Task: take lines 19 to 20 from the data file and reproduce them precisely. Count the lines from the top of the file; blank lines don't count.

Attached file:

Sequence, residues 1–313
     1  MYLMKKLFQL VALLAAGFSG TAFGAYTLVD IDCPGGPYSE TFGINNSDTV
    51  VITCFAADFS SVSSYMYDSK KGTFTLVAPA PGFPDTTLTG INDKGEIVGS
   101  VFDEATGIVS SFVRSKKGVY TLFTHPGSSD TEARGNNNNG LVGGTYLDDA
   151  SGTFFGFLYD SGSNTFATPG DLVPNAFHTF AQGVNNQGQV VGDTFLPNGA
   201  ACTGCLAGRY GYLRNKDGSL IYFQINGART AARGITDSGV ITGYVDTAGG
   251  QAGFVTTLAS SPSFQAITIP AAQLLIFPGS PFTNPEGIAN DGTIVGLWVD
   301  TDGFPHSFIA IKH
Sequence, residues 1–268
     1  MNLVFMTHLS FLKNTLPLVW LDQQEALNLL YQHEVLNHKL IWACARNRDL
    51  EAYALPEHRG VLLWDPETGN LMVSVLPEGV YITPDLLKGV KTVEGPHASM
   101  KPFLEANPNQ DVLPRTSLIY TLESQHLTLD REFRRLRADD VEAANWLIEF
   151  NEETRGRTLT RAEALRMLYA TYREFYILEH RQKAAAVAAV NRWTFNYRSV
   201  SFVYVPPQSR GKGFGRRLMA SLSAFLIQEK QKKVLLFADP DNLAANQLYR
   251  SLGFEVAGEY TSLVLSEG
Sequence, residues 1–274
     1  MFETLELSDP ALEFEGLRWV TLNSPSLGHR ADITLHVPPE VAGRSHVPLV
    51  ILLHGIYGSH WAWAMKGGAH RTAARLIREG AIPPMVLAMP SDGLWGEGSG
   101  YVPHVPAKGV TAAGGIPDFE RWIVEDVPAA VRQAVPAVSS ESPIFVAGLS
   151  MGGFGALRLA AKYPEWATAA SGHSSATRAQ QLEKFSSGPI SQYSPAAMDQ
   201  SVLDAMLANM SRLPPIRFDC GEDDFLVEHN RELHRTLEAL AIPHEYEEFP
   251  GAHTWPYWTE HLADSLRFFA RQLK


   101  YVPHVPAKGV TAAGGIPDFE RWIVEDVPAA VRQAVPAVSS ESPIFVAGLS
   151  MGGFGALRLA AKYPEWATAA SGHSSATRAQ QLEKFSSGPI SQYSPAAMDQ